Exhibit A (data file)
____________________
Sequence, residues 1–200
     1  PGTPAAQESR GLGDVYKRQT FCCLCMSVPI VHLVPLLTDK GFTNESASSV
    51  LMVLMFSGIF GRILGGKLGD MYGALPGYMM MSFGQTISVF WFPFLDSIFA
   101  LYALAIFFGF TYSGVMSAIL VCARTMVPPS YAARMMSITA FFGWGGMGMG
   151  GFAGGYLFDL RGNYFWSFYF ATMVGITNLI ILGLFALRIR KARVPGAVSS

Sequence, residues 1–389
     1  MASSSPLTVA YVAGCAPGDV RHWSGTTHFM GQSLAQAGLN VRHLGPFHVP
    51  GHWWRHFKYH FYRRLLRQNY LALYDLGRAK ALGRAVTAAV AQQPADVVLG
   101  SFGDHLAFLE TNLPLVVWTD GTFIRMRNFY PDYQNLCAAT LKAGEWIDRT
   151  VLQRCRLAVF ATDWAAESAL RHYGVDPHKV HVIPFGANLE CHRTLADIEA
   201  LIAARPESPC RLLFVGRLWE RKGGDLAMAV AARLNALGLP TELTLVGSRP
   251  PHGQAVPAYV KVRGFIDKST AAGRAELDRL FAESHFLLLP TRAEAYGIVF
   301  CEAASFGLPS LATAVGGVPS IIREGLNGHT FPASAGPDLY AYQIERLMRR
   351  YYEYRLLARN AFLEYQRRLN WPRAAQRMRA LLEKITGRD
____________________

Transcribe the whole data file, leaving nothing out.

Sequence, residues 1–200
     1  PGTPAAQESR GLGDVYKRQT FCCLCMSVPI VHLVPLLTDK GFTNESASSV
    51  LMVLMFSGIF GRILGGKLGD MYGALPGYMM MSFGQTISVF WFPFLDSIFA
   101  LYALAIFFGF TYSGVMSAIL VCARTMVPPS YAARMMSITA FFGWGGMGMG
   151  GFAGGYLFDL RGNYFWSFYF ATMVGITNLI ILGLFALRIR KARVPGAVSS

Sequence, residues 1–389
     1  MASSSPLTVA YVAGCAPGDV RHWSGTTHFM GQSLAQAGLN VRHLGPFHVP
    51  GHWWRHFKYH FYRRLLRQNY LALYDLGRAK ALGRAVTAAV AQQPADVVLG
   101  SFGDHLAFLE TNLPLVVWTD GTFIRMRNFY PDYQNLCAAT LKAGEWIDRT
   151  VLQRCRLAVF ATDWAAESAL RHYGVDPHKV HVIPFGANLE CHRTLADIEA
   201  LIAARPESPC RLLFVGRLWE RKGGDLAMAV AARLNALGLP TELTLVGSRP
   251  PHGQAVPAYV KVRGFIDKST AAGRAELDRL FAESHFLLLP TRAEAYGIVF
   301  CEAASFGLPS LATAVGGVPS IIREGLNGHT FPASAGPDLY AYQIERLMRR
   351  YYEYRLLARN AFLEYQRRLN WPRAAQRMRA LLEKITGRD